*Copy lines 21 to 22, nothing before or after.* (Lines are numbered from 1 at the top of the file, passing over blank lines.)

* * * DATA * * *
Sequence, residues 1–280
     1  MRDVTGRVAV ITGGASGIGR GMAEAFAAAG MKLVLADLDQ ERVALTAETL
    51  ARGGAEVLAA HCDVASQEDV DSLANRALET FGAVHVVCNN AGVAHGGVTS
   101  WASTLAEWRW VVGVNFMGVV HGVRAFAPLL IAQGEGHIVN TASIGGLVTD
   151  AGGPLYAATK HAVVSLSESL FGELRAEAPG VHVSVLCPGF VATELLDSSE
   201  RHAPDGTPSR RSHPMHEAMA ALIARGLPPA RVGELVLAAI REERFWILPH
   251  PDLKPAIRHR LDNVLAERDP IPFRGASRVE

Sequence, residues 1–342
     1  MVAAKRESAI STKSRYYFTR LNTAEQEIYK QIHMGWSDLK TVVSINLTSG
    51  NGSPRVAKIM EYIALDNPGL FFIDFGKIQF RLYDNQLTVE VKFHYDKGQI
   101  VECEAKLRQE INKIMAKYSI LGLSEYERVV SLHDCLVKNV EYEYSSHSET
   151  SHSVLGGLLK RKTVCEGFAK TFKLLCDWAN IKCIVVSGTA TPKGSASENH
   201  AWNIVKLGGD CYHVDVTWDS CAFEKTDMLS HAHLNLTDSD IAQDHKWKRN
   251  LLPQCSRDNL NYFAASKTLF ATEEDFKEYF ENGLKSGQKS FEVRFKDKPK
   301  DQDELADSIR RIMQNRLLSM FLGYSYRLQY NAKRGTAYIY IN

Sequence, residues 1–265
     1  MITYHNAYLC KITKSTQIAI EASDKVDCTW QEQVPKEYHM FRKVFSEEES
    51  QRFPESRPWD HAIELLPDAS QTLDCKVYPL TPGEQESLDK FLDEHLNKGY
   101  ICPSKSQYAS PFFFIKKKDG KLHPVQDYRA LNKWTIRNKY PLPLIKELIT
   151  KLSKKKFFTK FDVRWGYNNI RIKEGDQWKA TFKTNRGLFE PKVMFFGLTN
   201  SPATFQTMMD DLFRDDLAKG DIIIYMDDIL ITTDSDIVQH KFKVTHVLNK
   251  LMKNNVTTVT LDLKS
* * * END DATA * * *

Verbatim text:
   201  SPATFQTMMD DLFRDDLAKG DIIIYMDDIL ITTDSDIVQH KFKVTHVLNK
   251  LMKNNVTTVT LDLKS